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Attracting Hummingbirds to your Garden!

 

Attracting hummingbirds to your garden simply requires a bit of planning and attention to detail. These delicate creatures are specific to the Western Hemisphere with over 300 species in existence. It is important to research their natural habitats, behaviors, and predators in order to create an ideally attractive environment. Many hummingbird feeders are characteristically red as the majority of nectar producing flowers have adapted to attract these vibrant birds. The more bright and alluring the color of your feeder, the better! Mixing sugar water is quick and easy, although adding red dye to the nectar is not recommended as it poses potentially harmful health risks. As you choose your hummingbird feeder keep in mind the location that would best be suited for enjoying their behaviors. Initially place the food source in a bright and open area so that it is easily identifiable; after the hummingbird community begins to flock to your yard, then it is safe to begin moving your feeders to other locations: outside your kitchen window, under a shade tree, or in your protégé garden. We are frequently visited by novice observers and Master Gardeners alike from the Shortpump, Bellevue, and Goochland communities who are looking for the right type of feeder for their hummingbird needs.

These birds prefer to feed in a location of partial shade within fifteen feet of a protective shelter. As do all wild animals, hummingbirds must keep a close watch out for predators. They tend to perch hidden in a nearby tree or shrub before venturing out to collect nectar. The most common predators are raccoons or other scavenging mammals as they are attracted to the sweet sugar water scent. By hanging your feeder on the eaves of a house roof or on a wrought iron shepherd’s hook, these pests will be unable to obtain convenient access. However, hummingbird feeders are often plagued by bees and ants as well. A simple solution to these pests is to purchase an ant guard that is hung just above the feeder and bee guards that can be placed over the feeding portals. It is common to see merely one or two hummingbirds feeding at one time because they can be very possessive of a discovered food source. The easy and most reliable solution is to set up several feeders in different parts of your yard. They will not easily forget where to find an ample supply of nutrition either! Our retail floor manager, Bill Darden confesses, “Every spring I notice the same hummingbirds returning from their winter holiday. They always remember where to find a snack after migrating back to our area.”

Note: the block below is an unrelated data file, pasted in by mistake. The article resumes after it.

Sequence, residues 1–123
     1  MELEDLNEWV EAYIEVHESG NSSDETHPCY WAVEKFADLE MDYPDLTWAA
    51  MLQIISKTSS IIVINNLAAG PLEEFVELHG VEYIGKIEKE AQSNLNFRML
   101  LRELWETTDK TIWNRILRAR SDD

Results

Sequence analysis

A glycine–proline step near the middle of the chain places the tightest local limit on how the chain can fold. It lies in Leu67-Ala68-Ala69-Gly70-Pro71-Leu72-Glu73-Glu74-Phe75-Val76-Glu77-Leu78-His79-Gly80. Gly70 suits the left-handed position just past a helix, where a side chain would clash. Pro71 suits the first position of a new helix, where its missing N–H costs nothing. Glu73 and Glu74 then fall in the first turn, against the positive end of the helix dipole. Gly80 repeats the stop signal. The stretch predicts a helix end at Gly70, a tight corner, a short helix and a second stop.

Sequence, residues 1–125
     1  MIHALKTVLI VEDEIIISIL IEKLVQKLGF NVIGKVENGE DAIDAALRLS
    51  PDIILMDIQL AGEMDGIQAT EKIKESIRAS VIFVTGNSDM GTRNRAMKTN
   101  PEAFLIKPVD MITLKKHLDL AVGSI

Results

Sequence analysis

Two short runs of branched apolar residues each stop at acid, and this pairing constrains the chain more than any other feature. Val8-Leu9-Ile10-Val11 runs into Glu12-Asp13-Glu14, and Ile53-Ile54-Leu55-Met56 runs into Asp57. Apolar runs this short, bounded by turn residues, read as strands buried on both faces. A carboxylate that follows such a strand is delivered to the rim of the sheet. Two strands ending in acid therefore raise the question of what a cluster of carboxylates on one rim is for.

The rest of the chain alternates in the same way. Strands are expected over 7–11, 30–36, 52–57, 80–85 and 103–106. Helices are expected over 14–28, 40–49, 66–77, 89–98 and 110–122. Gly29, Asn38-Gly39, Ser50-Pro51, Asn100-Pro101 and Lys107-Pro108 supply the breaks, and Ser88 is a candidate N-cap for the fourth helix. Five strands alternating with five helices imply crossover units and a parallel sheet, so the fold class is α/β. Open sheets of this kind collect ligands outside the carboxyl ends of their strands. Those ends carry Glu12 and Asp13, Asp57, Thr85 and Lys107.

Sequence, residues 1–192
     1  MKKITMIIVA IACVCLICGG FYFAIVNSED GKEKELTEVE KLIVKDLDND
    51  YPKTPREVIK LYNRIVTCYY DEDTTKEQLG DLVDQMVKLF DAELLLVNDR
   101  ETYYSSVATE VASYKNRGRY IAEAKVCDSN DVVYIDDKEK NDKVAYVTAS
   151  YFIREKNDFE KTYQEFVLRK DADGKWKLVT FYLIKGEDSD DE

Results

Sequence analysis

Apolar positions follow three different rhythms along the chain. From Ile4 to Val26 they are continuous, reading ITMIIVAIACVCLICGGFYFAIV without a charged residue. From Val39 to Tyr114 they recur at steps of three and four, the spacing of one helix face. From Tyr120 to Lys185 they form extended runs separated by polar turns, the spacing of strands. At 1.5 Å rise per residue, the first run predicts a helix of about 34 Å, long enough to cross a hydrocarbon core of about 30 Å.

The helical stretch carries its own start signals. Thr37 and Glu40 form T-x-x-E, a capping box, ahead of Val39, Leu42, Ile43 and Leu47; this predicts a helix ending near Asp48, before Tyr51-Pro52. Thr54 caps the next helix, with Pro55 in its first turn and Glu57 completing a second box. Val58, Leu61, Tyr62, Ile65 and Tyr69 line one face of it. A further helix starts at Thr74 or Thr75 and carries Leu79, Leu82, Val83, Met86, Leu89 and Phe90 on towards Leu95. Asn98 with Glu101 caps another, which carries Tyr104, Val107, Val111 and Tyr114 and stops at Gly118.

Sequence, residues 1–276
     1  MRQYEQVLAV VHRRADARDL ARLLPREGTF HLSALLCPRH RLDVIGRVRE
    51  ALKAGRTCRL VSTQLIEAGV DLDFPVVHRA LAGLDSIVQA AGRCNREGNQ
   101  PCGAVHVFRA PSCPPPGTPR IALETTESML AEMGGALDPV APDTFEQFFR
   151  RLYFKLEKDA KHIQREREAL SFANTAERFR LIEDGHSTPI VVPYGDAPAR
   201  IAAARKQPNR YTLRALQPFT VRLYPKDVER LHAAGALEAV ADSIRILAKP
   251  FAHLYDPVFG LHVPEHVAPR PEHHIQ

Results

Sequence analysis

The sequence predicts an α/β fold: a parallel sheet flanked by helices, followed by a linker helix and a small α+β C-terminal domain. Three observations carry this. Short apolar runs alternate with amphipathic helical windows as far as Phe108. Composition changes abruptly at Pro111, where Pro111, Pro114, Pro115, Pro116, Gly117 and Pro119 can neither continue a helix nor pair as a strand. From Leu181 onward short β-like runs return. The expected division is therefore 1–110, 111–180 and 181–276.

The most convenient and relatively maintenance free hummingbird feeders are more than likely already available within your flower beds and side gardens. Butterflies and hummingbirds alike are attracted to sweet vines, flowering shrubs, and tubular annuals that are oriented horizontally. Examples include the perennial Bleeding Heart and Honeysuckle. Bright red Hibiscus and colorful Lantana are always alluring as well as the Butterfly Bush, Flowering Maple, and Columbine. A comprehensive list of plants that attract hummingbirds can be viewed below. Feel free to visit our store to ask questions and collect items that will best attract these delicate and fascinating creatures to your garden at home.

Our Broad Street location provides a selection of literature on hummingbirds, including Ortho’s All About Attracting Hummingbirds and Butterflies and Donald and Lillian Stokes’ work in Beginner’s Guide to Hummingbirds.

“I notice lots of hummingbirds gathering around the Diplodenia in my backyard every morning,” says our greenhouse manager, Tyler Zufall. Here is a comprehensive list of plants that attract hummingbirds:

Perennials:
Autumn Sage
Bee Balm
Bouvardia
Cardinal Flower/Lobelia
Penstemon
Scarlet Larkspur
Butterfly Bush
Columbine
Azalea
Hibiscus
Bleeding Heart
Honeysuckle
Coral Bells
Gladiola
Daylily
Hollyhock
Phlox

Annuals:
Begonia
Flowering Tobacco
Impatiens
Geranium
Petunia
Zinnia
Flowering Maple
Lantana
Hyacinth Bean
Mandevilla
Diplodenia

Here is a quick and simple recipe for making your own nectar at home, courtesy of the Smithsonian Migratory Bird Center:

Directions for making safe hummingbird food:
Mix 1 part sugar with 4 parts water and bring to a boil to kill any bacteria or mold.
Cool and fill feeder.
Extra sugar water may be stored in a refrigerator.
Red dye should not be added.

“Many customers come in asking for ready-to-use hummingbird nectar and we sell a lot of it!” admits cashier, Amanda Jackson. For instant nectar and concentrate, we recommend Opus Garden Song, Birdola Hummingbird Nectar Ready-To-Use, and Perky Pet Hummingbird Instant Nectar Concentrate. All of these items and many more, including feeders and guards are available right outside of the greenhouse in our hardgoods retail area.

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